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Ivabradine for the Treatment of Postural Orthostatic Tachycardia Syndrome: A Systematic Review.

Ivabradine for the Treatment of Postural Orthostatic Tachycardia Syndrome: A Systematic Review.
Author Information (click to view)

Gee ME, Watkins AK, Brown JN, Young EJA,


Gee ME, Watkins AK, Brown JN, Young EJA, (click to view)

Gee ME, Watkins AK, Brown JN, Young EJA,

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American journal of cardiovascular drugs : drugs, devices, and other interventions 2018 01 12() doi 10.1007/s40256-017-0252-1
Abstract
INTRODUCTION
Postural orthostatic tachycardia syndrome (POTS) impacts millions of patients, but there is currently no gold standard treatment for this condition. Ivabradine is a novel heart rate (HR) lowering agent that acts on the sinoatrial node cells by selectively inhibiting the If-current.

OBJECTIVE
The objective of this systematic review is to evaluate the evidence for the efficacy and safety of ivabradine for the treatment of POTS.

METHODS
MEDLINE (from 1956 to August 2017) and EMBASE (from 1957 to August 2017) were queried with the following search term: "postural orthostatic tachycardia syndrome" OR "postural tachycardia syndrome" OR "chronic orthostatic intolerance" AND "ivabradine." Articles in English with clinical outcomes of human patient(s) treated with ivabradine for POTS were included.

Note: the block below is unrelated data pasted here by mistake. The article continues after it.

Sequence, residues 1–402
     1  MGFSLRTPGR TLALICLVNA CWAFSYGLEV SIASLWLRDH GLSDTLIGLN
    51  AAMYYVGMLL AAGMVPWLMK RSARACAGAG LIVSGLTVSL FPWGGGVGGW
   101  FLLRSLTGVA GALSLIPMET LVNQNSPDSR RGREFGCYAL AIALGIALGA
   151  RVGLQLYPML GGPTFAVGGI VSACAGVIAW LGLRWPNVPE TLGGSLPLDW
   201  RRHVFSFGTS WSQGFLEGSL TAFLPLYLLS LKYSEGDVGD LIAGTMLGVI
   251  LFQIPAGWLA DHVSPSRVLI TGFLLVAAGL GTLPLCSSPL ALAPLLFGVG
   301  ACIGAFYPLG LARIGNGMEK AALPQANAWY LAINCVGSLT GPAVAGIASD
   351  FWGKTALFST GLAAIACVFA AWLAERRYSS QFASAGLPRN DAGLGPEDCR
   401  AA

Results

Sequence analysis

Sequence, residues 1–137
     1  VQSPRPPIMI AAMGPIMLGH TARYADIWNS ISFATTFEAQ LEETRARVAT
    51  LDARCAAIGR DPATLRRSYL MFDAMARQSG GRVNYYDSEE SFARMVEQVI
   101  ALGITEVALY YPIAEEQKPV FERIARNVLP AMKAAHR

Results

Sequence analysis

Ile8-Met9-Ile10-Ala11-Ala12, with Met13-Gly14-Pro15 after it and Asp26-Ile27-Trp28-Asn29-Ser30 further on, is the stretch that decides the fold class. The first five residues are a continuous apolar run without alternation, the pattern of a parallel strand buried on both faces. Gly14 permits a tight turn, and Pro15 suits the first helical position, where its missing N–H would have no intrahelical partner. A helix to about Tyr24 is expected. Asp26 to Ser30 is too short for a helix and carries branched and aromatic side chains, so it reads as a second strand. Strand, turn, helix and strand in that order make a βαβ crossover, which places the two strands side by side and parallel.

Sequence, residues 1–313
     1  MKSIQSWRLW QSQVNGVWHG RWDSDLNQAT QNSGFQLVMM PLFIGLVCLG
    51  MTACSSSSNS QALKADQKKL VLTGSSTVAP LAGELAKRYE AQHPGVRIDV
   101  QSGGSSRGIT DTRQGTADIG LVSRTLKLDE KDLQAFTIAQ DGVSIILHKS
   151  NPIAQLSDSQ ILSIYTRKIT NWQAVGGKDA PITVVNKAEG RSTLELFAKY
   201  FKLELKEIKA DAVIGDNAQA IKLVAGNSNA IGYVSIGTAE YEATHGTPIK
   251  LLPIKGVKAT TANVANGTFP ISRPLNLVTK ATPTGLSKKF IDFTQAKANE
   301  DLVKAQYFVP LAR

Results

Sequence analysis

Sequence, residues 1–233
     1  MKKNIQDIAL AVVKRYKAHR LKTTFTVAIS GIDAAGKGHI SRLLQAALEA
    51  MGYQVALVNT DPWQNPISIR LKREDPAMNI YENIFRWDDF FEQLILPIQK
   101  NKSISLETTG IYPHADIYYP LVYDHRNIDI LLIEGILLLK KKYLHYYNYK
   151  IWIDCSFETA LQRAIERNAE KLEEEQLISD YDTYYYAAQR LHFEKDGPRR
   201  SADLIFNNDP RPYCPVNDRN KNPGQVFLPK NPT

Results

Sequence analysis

RESULTS
The initial search identified 73 articles. After screening, 13 articles were included. Two prospective open-label trials, three retrospective cohort studies, and eight case reports evaluated the safety and efficacy of ivabradine in a total of 132 patients with postural tachycardia. Overall, ivabradine lowered HR and provided symptomatic relief of POTS without blood pressure lowering. Dizziness, nausea, headache, and fatigue were the most common side effects and often did not lead to discontinuation of treatment.

CONCLUSION
Based on this small sample, ivabradine appears to be a reasonable option for patients with POTS who have failed or are unable to tolerate other treatment options, however, but a randomized controlled trial in this population is needed.

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